THOMAS PLANK for the Missoulian
Review: “The Last Heir, The Triumphs and Tragedies of Two Montana Families” by Bill Vaughn (238 pp., $19.95, University of Nebraska Press)
If there’s one newspaper-allowable word to describe the kind of people drawn to ranching life in Montana, it’s “ornery.”
Tough, cussed, leather and hard might all deserve a second opinion in the matter, but for the sheer level of defiance of the elements and potentially even God Himself, ranchers certainly deserve the adjective.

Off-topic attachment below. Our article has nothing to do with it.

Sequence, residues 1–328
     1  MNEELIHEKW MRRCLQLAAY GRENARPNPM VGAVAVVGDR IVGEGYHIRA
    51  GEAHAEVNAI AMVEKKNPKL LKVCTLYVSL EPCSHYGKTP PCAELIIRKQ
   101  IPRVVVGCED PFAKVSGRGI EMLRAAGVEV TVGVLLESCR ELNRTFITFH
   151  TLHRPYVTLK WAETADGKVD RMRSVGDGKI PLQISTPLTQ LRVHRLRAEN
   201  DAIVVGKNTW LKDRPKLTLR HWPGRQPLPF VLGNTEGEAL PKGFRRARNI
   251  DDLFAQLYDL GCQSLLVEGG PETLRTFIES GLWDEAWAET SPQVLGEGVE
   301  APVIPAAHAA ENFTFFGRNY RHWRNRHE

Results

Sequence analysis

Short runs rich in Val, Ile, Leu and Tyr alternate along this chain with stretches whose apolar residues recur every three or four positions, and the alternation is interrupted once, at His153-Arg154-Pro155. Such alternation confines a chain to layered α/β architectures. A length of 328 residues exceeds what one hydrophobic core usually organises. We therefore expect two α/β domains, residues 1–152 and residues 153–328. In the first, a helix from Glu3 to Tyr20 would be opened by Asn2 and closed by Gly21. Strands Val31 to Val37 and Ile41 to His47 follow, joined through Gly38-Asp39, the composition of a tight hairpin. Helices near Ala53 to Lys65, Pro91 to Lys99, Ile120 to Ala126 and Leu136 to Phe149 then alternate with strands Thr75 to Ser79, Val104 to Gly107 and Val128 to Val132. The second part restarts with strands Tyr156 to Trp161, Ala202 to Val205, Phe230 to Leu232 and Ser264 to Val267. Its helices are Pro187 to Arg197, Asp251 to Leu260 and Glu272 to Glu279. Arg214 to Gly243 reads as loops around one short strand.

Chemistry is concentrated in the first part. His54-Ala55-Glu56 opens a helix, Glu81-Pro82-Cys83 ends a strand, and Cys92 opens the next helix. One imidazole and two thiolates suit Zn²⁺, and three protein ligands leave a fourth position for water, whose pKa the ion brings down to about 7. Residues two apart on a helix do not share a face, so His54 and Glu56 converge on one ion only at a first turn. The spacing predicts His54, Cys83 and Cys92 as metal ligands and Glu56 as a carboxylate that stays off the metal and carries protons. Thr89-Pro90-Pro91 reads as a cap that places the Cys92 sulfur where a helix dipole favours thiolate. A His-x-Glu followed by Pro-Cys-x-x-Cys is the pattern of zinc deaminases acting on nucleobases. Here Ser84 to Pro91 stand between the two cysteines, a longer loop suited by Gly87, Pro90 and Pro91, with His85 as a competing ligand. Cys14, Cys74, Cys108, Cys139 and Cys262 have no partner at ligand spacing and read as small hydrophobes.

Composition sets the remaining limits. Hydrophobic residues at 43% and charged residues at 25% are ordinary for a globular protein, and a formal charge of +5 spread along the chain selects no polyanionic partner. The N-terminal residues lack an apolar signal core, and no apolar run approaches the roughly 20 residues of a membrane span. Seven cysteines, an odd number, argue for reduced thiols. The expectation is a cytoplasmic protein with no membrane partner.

Bill Vaughn’s latest book is a visitation of the vexatious nature of two families eventually drawn together and then pushed apart by a ranch outside of Helena, on the banks of Holter Lake. It’s actually a history of Vaughn’s wife’s kin — which would seem to be a dangerous game to write about the struggles and travails therein. But it appears they are still married so all apparently worked out — and Vaughn makes use of the articles, receipts, correspondence and other ephemera families produce while trying to make a living in Montana for over a century.
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And boy, does Vaughn get the receipts. This book has multiple appendices that